How to Stop Cat Bleeding
Emergencies in cats are common and when they happen, it is important to know basic skills of what to do. A cat bleeding is a common reason for cat owners to seek help at a veterinary clinic or veterinary emergency clinic. There are many different causes of cat bleeding and therefore various treatments and outcomes. Below we will review the causes of cat bleeding and what you can do at home to stop bleeding.
What Causes Bleeding in Cats
There are dozens of causes for a cat to bleed. The cause will differ based on the location of the bleed and each potential cause will have a different set of diagnostic tests, treatment options, and prognosis.
Common areas for cat bleeding and possible causes include the following:
- Bleeding from skin – The most common cause for bleeding from the skin is from a bite wound which is common in cats but can also be caused by a laceration (cut), skin infection, or from itching. This can also occur on the face from a wound secondary to a tooth root abscess. Learn more about Bite Wounds in Cats and Abscesses in Cats.
- Oral bleeding – Blood in the drool or anywhere in the oral cavity can be the result of an infection, a bad tooth, trauma, ulceration, tumor, or an underlying blood clotting problem.
- Urinary bleeding – Bloody urine can be caused by a feline urinary tract disease (also known as feline idiopathic cystitis, painful bladder syndrome or feline urologic disease), urinary tract infection, bladder stones, bladder cancer, trauma, or due to a blood abnormality.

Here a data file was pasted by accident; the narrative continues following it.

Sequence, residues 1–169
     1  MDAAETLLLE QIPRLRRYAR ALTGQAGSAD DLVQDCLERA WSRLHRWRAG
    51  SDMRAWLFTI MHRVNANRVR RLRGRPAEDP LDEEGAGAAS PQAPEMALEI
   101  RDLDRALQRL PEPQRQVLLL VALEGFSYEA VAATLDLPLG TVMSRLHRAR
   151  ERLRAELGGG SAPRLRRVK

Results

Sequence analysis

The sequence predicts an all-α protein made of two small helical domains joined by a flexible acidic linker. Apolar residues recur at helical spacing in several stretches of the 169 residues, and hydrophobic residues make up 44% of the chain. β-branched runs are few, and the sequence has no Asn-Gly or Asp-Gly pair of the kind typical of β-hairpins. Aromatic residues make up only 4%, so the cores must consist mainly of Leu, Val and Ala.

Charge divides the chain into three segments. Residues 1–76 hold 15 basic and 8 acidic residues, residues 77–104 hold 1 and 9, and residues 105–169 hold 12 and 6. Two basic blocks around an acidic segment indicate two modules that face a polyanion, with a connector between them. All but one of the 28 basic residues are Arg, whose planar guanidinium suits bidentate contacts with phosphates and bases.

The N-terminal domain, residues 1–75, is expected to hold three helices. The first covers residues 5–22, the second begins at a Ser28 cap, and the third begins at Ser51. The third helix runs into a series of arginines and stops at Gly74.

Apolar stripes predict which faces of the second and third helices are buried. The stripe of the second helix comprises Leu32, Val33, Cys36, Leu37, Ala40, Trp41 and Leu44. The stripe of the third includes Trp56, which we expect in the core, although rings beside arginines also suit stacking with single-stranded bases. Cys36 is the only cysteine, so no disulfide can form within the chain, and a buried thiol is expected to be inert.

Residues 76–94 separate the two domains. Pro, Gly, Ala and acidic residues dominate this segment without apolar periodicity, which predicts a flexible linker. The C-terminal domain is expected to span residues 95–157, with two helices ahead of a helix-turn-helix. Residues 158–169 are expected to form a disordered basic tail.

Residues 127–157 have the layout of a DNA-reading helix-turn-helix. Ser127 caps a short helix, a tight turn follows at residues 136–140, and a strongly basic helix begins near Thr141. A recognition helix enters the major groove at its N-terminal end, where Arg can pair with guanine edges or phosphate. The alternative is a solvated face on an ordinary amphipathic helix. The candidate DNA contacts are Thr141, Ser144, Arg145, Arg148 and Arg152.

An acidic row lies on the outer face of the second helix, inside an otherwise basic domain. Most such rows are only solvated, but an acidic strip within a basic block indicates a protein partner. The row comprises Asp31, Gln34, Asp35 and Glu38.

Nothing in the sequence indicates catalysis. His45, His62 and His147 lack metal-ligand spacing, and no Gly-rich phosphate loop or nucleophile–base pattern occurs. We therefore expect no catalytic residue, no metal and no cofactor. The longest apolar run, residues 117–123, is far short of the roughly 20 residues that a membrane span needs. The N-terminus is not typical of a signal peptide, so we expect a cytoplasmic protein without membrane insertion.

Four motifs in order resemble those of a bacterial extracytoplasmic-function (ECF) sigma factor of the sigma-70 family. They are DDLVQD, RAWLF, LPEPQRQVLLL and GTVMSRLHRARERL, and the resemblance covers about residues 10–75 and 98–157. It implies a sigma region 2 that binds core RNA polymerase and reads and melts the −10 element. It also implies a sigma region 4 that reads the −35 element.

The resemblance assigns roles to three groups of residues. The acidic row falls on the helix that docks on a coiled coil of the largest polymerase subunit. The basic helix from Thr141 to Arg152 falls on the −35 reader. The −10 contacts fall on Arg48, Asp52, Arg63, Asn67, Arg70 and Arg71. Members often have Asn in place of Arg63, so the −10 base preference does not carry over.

- Vaginal or uterine bleeding – Vaginal bleeding can be caused by a normal heat cycle, uterine infection (also called pyometra), cancer, trauma, or a bleeding abnormality.
- Nasal bleeding – A bloody nose can be caused by trauma, a tumor in the nasal cavity, an infection, or from a blood abnormality. Another possible cause is from an upper airway infection which is very common in cats.
- Vomiting blood- Blood in the vomit can result from bleeding into the intestinal tract from a tumor, infection, ulcer, cancer, ingestion of foreign material, a systemic bleeding problem, or from swallowing blood from oral bleeding.
- Bloody stool – Blood in the bowel movement can result from bleeding into the intestinal tract from a tumor, infection, a gastrointestinal foreign body, or inflammatory disease.
- Rectal bleeding – Bleeding from the rectal area can be caused by an infected or ruptured anal gland, a tumor, trauma, infection, or inflammatory disease.
- Bleeding into the chest cavity – Bleeding into the chest cavity is most often caused by trauma, such as being hit by a car or toxin exposure such as ingestion of a rodenticide that causes bleeding.
- Bleeding around the heart – Bleeding around the heart, also known as a “pericardial effusion”, is caused by heart disease, cancer or an unknown cause referred to as “idiopathic”. This is relatively uncommon in cats.
- Bleeding into the abdominal cavity – Bleeding into the abdominal cavity is most often caused by trauma, such as being hit by a car or a gunshot wound, toxin exposure such as ingestion of a rodenticide that causes bleeding, or cancer.
- Eye bleeding – Blood in or around the eye can be caused by an injury, a bite wound, cancer, or infection in or around the eye.
- Bleeding in more than one location – Bleeding from more than one area can occur for several reasons. Possible causes ingestion of Mouse or Rat Bait, trauma that injures more than one area, or from an immune-mediated disease that alters the body’s ability to clot blood. Learn more about bruising and bleeding in cats.
Tips to Stop Bleeding in Cats
When your cat is bleeding, you often want to know what you can do to stop the bleeding. The answer to this question really depends on the location and underlying cause of the bleeding. Below are some tips that may help: